Credit: Are Mokkelbost via A Journey Round My Skull

Even if you are a brain in a vat or a pure information entity living in a computer-based system, you will need interfaces in the form of protocols.  Protocols will start with our current ones, but eventually posthumans may require more advanced protocols.  For instance, a protocol set specific to posthumans might be mental-capability handshaking and mind docking.  But the physical substrate can still rear its ugly head.  An example of this harsh reality: a superintelligence in Australia is conversing with a superintelligence in the United States about superstring theory and right at the cusp of a breakthrough a shark chomps through the undersea fiber trunk and science is set back 100 years.

If that example is not far out enough for the audience, then you could instead imagine faster-than-light intercommunications between intelligence clusters spread across the galaxy.  But one day the nature of the universe fluctuates (due to to the actions of enemy alien superintelligences), rendering the physical properties that FTL depended on obsolete, which results in disintegrating the entire intergalactic intelligence cloud.

Of course, eventually, one would expect supersmart entities to find more robust solutions for information-based intelligence.  The point of this section was to illustrate just one of the many interface issues which are amplified by posthuman technology.

Change and Feedback

The discipline of human factors can already predict problems that will occur when trying to design and integrate a piece of technology into a system, and these problems apply to posthuman technology as well.  But posthumans make things even more complex: the biological aspect may no longer be constant.  Human factors, ergonomics, HCI and HRI all depend on a relatively static biological norm.  Occasional humans fall out of the normal ranges but for most humans a fit can be made.  Not necessarily so with posthumans.  Advanced drugs, gene therapy, physical modifications, etc. could change the physical properties of a person.  Likewise with cyborg parts and androids.  Cognitive enhancements will totally change the psychological aspect of design.  User centered interaction design depends on known cognitive relationships which are no longer necessarily true when the user is non-human.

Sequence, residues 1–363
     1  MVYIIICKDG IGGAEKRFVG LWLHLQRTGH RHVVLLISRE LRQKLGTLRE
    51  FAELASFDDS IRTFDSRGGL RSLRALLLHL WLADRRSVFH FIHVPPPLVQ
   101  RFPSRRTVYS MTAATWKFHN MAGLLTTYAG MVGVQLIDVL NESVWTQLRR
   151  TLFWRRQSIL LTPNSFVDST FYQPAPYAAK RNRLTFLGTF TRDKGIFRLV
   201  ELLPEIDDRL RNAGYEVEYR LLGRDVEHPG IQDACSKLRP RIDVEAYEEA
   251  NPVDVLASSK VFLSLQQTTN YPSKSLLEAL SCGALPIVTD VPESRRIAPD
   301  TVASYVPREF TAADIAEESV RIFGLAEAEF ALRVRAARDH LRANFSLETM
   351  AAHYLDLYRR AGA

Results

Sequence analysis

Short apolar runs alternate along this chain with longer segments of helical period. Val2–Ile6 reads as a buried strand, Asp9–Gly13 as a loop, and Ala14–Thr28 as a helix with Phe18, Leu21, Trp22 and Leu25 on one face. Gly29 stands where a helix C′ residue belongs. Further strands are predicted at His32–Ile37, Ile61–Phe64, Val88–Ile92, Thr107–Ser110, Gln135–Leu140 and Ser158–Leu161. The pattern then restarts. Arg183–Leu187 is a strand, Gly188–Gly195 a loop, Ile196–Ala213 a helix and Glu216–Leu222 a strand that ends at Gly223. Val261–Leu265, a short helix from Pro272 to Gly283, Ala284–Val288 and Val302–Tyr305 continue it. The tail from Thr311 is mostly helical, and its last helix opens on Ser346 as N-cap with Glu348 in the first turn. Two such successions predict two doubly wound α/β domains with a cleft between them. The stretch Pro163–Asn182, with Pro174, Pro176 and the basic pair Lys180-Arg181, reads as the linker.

The main problem that human factors has to deal with already, which will be amplified by posthumans, is accounting for changes due to adoption of the technology being introduced [1].

Imagine a group of people on a mission, for instance to colonize another planet.  Let’s say we give them all cognitive enhancement A.  This changes how they do their jobs, sometimes in unexpected ways.  Then we develop cognitive enhancement B—but to design B we have to redefine the user as user+A and take into account the changes in the mission operation due to A.  Once again, B changes not only their minds but also how they do their jobs, sometimes in unexpected ways.  Now we design computer interface 2, but to do that we have to redefine human factors and HCI for users with cognitive enhancement B and the usage is for the new B-enhanced mission.  Computer interface 2 also changes how they do their job, sometimes in unexpected ways.  And so on.

It seems that the difficulty and rate of change will be increasing for human factors and interface design, however there is one counterargument against difficulty.  One of the limitations of modeling or observing an interaction is that the internal mechanisms of the human behavior are largely unknown [2].  But, we will know most of the internal mechanisms of posthumans and AIs.  However, human factors will need to be equipped with sufficiently advanced tools for modeling and predicting posthuman behavior in a context even if the design of the posthuman or AI is known.

Credit: Shane Willis

Human factors may also have to adapt to additional feedback loops, such as when the designers of technology are themselves posthumans who are potentially also being rapidly updated.  Hopefully, this will lead to a trend towards better predictions of effects of technological change and/or faster dynamics to handle and redesign due to the effects.


[1] Woods, David, and Dekker, Sidney, “Anticipating the effects of technological change: a new era of dynamics for human factors,” Theoretical Issues in Ergonomics Science, vol. 1, no. 3, pp. 272-282, 2000.

[2] Rouse, William B., Systems Engineering Models of Human-Machine Interaction. New York: Elsevier North Holland, 1980, pp. 129-132.